The rendering engine
As an addicted to OpenGL, I decided to use OpenGL! :) I also decided that the engine will be based on the zPrePass architecture (like the Doom3 engine). So the final rendering is obtained by summing the contribution of each light by rendering each meshes they interact with (after a zPre pass). Static lights come from the exported VE and, then, dynamic lights can be added from the script. The engine behave similarly concerning static and dynamic meshes.

For shadows, I use a simple depth map for spot lights and a virtual depth cube map for point lights. I only use native hardware shadow map filtering. Not very eye candy but it is enough for the experiment I needed to conduct.

I use the PhysX API from nVidia. Only rigid body interactions are simulated in my case. Each dynamic objects added to the simulation can be added to the PhysX engine if needed according to one of 4 shape type: bounding box, bounding sphere, convex or general triangle mesh.

For the script, I chose Lua together with LuaBind (to simplify functions and classes registration). From the script, you can add and manipulate light and model. The script can also receive mouse and keyboard signals and each frame, a specific update function is called. For instance, here is a small piece of Lua code I use to position a spot light to look like a flashlight the user is holding up:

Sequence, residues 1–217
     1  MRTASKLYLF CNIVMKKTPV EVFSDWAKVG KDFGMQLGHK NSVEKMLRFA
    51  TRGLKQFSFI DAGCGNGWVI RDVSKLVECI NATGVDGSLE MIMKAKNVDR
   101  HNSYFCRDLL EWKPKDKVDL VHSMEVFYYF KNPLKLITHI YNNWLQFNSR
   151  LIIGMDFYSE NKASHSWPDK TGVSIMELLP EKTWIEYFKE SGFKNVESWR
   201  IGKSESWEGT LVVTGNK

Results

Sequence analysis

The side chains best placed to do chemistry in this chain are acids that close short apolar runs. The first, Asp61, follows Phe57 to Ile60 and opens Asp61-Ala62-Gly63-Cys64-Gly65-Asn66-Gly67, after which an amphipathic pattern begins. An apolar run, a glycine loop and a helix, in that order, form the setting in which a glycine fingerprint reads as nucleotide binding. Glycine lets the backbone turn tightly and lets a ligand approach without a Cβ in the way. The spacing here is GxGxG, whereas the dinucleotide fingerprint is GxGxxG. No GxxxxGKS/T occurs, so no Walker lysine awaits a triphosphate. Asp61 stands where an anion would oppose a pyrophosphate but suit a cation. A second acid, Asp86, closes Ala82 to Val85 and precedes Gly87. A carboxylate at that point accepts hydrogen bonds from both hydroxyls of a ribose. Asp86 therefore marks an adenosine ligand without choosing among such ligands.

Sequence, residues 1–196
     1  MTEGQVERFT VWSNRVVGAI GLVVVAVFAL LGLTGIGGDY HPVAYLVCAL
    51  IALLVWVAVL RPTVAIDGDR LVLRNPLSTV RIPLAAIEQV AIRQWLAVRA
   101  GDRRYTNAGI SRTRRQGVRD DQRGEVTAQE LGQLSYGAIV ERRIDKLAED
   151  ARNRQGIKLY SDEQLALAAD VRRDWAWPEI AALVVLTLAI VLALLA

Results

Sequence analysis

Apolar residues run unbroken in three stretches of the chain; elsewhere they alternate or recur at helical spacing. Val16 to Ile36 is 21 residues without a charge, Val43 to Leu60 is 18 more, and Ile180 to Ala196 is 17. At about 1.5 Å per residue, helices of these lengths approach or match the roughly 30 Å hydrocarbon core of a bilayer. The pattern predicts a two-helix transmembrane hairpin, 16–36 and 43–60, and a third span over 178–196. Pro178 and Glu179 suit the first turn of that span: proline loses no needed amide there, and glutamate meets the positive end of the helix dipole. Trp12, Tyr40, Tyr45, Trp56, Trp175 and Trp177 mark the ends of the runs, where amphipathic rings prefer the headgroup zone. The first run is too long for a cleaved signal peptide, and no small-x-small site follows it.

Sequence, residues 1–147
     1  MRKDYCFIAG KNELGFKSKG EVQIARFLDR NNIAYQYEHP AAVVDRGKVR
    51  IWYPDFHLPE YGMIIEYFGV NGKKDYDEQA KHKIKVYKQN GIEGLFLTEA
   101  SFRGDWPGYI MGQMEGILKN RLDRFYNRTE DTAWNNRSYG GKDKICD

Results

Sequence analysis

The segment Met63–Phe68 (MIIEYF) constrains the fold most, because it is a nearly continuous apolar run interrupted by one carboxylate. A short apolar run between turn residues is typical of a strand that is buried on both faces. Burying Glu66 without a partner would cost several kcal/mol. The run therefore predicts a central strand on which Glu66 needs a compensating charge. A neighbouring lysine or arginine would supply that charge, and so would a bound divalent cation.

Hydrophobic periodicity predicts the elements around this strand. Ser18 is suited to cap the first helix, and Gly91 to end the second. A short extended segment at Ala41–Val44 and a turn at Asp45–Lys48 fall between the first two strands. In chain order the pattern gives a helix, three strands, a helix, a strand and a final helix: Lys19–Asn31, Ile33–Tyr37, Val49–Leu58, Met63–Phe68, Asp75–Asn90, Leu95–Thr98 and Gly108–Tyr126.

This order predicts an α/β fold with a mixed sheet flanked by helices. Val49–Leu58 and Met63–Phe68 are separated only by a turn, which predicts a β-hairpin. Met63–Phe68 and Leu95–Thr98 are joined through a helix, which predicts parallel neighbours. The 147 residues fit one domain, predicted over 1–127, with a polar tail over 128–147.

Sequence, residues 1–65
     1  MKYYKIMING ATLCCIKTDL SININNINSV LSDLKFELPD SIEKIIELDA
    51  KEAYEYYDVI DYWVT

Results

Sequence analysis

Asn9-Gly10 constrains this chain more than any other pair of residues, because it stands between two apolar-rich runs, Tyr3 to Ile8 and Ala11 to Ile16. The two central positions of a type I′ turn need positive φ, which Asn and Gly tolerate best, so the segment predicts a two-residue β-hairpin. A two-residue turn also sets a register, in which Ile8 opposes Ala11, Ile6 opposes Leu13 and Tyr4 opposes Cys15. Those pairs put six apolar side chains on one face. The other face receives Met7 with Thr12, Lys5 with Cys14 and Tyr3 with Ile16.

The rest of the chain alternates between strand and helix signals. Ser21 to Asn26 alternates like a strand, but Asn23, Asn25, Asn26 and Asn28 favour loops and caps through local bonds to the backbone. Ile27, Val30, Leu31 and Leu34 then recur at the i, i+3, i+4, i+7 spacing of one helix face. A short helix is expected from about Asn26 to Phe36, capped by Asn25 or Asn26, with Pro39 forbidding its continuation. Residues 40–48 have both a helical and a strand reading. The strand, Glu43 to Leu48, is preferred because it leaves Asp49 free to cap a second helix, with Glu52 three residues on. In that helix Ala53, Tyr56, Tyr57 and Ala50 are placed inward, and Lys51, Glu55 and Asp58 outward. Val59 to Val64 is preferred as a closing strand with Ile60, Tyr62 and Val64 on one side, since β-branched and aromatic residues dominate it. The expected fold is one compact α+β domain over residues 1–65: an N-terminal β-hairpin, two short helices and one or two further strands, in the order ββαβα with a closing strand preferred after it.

local viewCam = getViewPointOrientPos();
local target = Vector3(0.0,0.0,-5.0);
local origin = Vector3(-0.2,-0.1,0.0);
As an example, I have also developed some Lua classes that control some robot which follow a predefined path made of way points. I have to say that Lua is a very powerful and easy to use script language.

Record/Replay feature
My engine is able to record and replay navigation sessions in the VE. For each frame, I do not record everything. For instance, I only record the event when an dynamic object's position has been changed: everything is recorded as an event. I do not interpolate each frame because, for my experiments, I only need each frame that were displayed to the viewer.

My PhD is about gaze tracking so my engine takes into account gaze tracking. Currently, I have a class communicating with the TobiiX50 soft/hardware. This class is handled by a GazeTrackerManager which allows to easily add support for another type of gaze tracking system.

Some Results
The q3dm1 map in Maya during editing:
The q3dm1 map rendered in my engine with HDR lightmap generated by MentalRay (no lights here, everything is baked in the lightmap). The screenshot is a bit over-exposed due to the automatic luminosity adaptation (a lot of screen area are black).
The house VE used in one of my experiment during editing in Maya:
The house VE rendered in my engine with HDR GI lightmap generated by MentalRay:
A game where you have to destroy ships with your gaze:

A video is available on my youtube space.

I am currently changing the zPrePass renderer for a Light-Pre Pass rendering process. I have to say that it is very interesting! I already have point lights working and performance are impressive! I will talk about this later but I have to try to publish something with it before. :)

Do not hesitate if you have questions or if you want some piece of code. I plan to release the source of this engine at the end of my PhD.


  1. Looks very good :) the lights are really cool.

  2. Thank you! :)
    Yes, thanks to the baked global illumination, I can render scenes that looks nearly the same as with mental ray.